Scientists have known for years that dolphins recognize each other by the sound of each animal's signature whistle. But it wasn't known for just how long dolphins could remember these whistle calls.

The individually specific whistle that each dolphin generates before its first birthday "for them functions like a name," says Jason Bruck, who studies animal behavior at the Institute for Mind and Biology at the University of Chicago.

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Across the Western U.S., yearly areas of snowpack are decreasing, and researchers are trying to figure out what that means for everything that relies on the snowmelt — from farms to power plants to a little creature known as the Cascades frog.

The family of the late Henrietta Lacks finally got the chance to weigh in on how scientists use cells taken from her — without consent — more than 60 years ago.

When a new strain of bird flu cropped up in China last winter, the billion-dollar question was whether the deadly virus could transmit between people.

Now, Chinese scientists offer the first clear evidence that the bird flu is indeed contagious, although only slightly.

U.S. Fish & Wildlife Service / Wikimedia Commons

The U.S. Fish and Wildlife Service has a plan to build up the population of the Alabama Sturgeon, one of the rarest fish in America.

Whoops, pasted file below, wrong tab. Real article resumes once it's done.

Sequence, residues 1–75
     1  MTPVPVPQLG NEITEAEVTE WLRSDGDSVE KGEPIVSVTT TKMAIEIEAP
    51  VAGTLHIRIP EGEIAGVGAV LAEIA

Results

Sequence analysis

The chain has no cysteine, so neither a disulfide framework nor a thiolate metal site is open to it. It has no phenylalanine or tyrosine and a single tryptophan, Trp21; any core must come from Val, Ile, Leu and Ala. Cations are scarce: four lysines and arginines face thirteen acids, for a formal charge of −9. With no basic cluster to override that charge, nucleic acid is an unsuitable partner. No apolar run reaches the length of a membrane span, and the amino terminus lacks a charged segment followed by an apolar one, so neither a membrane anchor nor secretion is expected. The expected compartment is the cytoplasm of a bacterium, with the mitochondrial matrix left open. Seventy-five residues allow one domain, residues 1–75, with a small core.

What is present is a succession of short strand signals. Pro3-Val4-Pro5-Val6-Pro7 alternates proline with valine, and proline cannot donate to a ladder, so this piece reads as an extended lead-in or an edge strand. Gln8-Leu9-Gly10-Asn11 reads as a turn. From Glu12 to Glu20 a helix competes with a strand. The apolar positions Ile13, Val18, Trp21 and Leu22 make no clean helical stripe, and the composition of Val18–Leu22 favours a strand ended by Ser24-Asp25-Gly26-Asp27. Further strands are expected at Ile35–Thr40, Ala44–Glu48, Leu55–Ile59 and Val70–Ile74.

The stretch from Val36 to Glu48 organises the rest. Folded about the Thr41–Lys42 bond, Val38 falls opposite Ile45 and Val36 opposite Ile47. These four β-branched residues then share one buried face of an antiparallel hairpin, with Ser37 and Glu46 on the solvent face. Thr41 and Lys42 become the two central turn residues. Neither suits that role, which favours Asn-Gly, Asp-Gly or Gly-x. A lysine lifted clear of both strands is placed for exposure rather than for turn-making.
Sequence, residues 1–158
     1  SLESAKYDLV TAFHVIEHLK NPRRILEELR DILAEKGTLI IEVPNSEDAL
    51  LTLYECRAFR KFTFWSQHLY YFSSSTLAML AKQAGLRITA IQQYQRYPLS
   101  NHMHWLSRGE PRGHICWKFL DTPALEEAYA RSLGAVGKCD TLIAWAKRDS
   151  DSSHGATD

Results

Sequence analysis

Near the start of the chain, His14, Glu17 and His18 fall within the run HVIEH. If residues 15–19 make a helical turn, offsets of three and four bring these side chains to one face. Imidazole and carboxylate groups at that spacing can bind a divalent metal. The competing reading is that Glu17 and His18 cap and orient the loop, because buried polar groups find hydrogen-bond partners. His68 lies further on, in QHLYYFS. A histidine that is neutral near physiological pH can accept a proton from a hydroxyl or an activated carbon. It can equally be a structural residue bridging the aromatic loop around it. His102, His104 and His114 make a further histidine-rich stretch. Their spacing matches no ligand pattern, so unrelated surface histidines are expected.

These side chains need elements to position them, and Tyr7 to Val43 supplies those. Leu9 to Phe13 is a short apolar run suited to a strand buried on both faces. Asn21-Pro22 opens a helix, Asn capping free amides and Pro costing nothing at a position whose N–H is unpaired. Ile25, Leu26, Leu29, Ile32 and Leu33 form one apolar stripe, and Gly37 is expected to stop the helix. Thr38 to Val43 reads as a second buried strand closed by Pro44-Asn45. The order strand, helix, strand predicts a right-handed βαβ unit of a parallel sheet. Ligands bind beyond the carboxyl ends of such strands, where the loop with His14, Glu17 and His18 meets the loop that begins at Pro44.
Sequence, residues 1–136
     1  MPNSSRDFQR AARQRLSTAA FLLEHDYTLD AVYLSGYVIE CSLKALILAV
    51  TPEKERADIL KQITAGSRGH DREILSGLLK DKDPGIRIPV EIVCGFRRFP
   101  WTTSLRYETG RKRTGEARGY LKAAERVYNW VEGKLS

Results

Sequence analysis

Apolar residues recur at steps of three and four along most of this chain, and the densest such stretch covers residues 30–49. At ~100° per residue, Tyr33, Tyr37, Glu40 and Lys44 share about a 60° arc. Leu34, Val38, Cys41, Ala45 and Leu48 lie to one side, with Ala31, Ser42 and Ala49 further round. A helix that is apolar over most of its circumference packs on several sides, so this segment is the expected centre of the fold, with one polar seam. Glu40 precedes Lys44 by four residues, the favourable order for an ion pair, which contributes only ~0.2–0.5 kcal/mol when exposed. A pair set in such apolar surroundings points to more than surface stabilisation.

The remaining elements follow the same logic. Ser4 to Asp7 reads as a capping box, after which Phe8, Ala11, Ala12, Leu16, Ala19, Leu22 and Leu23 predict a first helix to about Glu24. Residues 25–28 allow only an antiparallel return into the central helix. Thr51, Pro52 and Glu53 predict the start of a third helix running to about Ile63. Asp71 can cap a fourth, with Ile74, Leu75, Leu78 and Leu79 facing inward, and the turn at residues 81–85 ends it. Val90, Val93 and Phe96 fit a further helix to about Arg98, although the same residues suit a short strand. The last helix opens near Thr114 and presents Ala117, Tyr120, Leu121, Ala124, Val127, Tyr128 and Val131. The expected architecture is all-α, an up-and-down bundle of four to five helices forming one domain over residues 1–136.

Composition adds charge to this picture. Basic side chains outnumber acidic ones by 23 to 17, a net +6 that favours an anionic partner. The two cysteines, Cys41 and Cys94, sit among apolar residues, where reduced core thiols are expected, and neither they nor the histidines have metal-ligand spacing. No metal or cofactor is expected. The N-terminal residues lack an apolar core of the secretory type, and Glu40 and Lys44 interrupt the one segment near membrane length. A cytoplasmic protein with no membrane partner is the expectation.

Fish and wildlife officials say an Alabama Sturgeon was last captured in 2007.

Fish and Wildlife officials say the purpose of the new plan is to build up the population of the fish to the point that it no longer needs to be protected by the Endangered Species Act.

The Alabama Sturgeon has been listed as endangered since 2000 due to over-fishing and the loss of habitat in south Alabama rivers.

Wells Are Running Dry In Parts Of Kansas

Aug 6, 2013

Imagine enough water to fill a couple of Great Lakes, but spread under some of the driest parts of eight Western states. That was the High Plains Aquifer 60 years ago.

But now, Nate Pike, whose been riding the dry rolling ranch lands south of Dodge City, Kan., for most of his 80 years, can't even go fishing at his favorite spring called St. Jacob's Well.

"And that thing had a lot of water in it. It never went down, never changed," he says. "But as you can see now, I can't believe I can't see the water from up here."